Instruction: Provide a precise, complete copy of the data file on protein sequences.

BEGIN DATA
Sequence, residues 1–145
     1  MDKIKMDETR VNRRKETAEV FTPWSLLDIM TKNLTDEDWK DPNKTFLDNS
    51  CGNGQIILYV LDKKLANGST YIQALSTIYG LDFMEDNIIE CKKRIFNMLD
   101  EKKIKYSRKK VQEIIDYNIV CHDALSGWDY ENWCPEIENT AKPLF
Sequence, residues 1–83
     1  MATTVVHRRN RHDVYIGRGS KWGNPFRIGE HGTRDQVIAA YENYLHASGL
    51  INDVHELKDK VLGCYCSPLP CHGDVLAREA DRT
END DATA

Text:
Sequence, residues 1–145
     1  MDKIKMDETR VNRRKETAEV FTPWSLLDIM TKNLTDEDWK DPNKTFLDNS
    51  CGNGQIILYV LDKKLANGST YIQALSTIYG LDFMEDNIIE CKKRIFNMLD
   101  EKKIKYSRKK VQEIIDYNIV CHDALSGWDY ENWCPEIENT AKPLF
Sequence, residues 1–83
     1  MATTVVHRRN RHDVYIGRGS KWGNPFRIGE HGTRDQVIAA YENYLHASGL
    51  INDVHELKDK VLGCYCSPLP CHGDVLAREA DRT